Aldi revamps plastic bag plans in bid to encourage re-use

Supermarket to increase single use bag charge and trial reusable produce bags

Aldi has become the latest supermarket to take steps to curb plastic bag waste, announcing plans to increase the charge for single use bags and introduce new reusable options.

The company said it will from next Monday increase the price of its flexi-loop ‘bags for life’ from 9p to 15p in a bid to “encourage their reuse”. Home-compostable bags will continue to be available in store for 6p, with all money raised from the charges reinvested in future packaging reduction initiatives.

In addition, the retailer is to become the latest supermarket to crack down on single-use produce bags for its fresh fruit and vegetable aisles. The plastic bags will be replaced with home-compostable alternatives that can be used for household food waste collections, while reusable drawstring produce bags made from recycled bottles are to be rolled out at all UK stores with a retail price of 25p.

Moreover, the company confirmed a trial at 100 stores in the Midlands region will see free single-use plastic produce bags removed entirely and replaced with the reusable drawstring bags, as the company looks to test whether shoppers can be encouraged to bring their own bags for loose fruit and veg or reuse ones they have bought in-store.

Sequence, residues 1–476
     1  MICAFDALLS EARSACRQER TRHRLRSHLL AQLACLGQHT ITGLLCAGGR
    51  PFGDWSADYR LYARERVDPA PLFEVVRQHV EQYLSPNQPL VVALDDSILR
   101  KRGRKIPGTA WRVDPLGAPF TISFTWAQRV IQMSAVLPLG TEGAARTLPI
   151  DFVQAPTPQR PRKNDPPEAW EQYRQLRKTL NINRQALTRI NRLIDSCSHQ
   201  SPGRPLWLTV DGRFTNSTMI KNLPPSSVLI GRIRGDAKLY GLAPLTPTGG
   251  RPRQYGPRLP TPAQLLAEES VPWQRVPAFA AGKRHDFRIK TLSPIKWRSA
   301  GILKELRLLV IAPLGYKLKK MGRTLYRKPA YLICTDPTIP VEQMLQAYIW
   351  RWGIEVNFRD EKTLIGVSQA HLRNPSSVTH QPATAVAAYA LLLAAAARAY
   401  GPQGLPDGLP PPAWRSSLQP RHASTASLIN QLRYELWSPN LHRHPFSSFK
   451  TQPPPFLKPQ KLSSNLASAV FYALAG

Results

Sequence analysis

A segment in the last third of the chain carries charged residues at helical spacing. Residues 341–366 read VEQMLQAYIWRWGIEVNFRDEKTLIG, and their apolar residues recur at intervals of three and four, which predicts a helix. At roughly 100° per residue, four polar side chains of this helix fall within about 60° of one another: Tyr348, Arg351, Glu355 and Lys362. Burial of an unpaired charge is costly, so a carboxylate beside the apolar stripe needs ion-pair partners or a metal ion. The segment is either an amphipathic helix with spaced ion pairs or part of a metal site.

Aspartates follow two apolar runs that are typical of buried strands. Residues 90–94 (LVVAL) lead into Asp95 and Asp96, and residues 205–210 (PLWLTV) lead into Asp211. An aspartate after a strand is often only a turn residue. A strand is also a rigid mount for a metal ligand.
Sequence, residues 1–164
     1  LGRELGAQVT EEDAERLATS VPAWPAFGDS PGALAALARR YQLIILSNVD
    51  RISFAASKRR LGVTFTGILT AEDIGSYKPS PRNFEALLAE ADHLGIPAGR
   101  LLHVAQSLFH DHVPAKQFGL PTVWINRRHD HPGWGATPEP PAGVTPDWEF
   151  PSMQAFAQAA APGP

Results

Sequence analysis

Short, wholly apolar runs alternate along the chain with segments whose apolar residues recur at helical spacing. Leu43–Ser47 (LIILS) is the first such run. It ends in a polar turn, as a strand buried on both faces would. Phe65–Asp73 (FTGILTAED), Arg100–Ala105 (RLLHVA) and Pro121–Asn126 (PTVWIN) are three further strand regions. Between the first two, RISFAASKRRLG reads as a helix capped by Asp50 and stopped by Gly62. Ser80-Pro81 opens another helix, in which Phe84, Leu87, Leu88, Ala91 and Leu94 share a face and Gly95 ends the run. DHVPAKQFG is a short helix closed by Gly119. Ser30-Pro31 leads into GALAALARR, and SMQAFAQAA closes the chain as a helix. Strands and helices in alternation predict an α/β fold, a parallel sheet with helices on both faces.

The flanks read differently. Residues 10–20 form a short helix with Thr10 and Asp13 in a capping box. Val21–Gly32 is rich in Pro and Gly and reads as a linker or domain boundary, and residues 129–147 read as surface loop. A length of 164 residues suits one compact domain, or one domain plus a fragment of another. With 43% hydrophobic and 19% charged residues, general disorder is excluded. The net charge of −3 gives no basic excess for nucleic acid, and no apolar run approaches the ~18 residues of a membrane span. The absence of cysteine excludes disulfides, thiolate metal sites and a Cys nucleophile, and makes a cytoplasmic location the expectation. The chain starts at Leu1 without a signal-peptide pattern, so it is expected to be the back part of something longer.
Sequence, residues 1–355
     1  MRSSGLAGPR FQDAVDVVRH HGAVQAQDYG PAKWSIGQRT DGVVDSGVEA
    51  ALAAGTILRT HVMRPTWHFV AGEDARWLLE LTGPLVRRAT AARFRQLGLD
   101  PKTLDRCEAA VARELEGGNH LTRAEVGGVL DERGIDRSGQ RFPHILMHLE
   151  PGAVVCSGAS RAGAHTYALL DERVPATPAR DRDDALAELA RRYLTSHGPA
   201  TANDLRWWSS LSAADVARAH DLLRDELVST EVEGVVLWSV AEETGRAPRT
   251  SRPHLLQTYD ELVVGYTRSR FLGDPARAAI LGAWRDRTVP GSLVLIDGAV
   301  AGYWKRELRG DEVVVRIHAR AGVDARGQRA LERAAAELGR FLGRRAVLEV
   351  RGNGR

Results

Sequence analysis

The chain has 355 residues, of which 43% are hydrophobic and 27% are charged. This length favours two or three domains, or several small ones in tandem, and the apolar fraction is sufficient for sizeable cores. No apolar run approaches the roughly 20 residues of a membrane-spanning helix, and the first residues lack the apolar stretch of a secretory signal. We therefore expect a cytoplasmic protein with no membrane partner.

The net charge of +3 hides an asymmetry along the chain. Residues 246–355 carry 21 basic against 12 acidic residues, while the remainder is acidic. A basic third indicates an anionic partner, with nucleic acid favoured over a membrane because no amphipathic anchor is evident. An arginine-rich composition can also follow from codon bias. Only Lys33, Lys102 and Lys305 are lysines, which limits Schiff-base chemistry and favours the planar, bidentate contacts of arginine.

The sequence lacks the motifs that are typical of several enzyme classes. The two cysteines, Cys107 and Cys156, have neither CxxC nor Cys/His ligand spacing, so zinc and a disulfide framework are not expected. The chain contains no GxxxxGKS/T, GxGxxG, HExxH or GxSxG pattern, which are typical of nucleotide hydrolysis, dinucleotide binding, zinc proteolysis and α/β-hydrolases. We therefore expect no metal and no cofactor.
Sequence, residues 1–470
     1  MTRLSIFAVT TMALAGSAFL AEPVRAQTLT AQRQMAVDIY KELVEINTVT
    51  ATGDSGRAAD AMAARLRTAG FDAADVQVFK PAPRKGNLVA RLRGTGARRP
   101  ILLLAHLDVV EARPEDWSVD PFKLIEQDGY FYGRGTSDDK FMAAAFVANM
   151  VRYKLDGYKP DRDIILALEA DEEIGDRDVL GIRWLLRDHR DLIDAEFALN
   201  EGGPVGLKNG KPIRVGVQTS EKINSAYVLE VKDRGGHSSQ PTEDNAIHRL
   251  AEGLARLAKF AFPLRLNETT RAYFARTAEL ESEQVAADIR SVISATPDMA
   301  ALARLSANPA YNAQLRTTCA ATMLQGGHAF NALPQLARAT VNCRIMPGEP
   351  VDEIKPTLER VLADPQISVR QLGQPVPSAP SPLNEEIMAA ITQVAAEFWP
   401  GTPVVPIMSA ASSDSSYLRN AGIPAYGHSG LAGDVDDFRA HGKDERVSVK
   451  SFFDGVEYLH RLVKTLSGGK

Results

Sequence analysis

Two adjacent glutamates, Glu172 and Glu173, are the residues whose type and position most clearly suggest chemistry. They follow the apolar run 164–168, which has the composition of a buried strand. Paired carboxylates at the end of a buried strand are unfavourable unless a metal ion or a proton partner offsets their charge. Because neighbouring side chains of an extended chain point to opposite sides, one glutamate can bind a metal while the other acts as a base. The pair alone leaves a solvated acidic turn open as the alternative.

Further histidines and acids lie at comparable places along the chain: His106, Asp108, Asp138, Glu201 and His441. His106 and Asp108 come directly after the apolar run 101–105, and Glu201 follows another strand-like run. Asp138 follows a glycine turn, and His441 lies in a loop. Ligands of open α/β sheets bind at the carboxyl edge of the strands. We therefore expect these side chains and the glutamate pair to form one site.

Aldi said that if the approach proves successful it has the potential to remove the equivalent of approximately 109 tonnes of plastic from circulation each year.

“We are determined to drastically cut single-use plastic, and evolving our approach to the sale and distribution of bags is an important step forward,” said Fritz Walleczek, managing director of corporate responsibility at Aldi. “We’ve charged for carrier bags since opening our first UK store in 1990, so our shoppers are already in the habit of reusing them, but these steps will hopefully help people switch to entirely reusable alternatives.”

The plans are the latest in a string of moves from the retailer to reduce plastic packaging waste. For example, in recent months the company has scrapped all plastic applicators from its own-brand tampons, saving 14 tonnes of plastic a year, and trialled the replacement of plastic trays for steak products with cardboard alternatives.

Source : Business green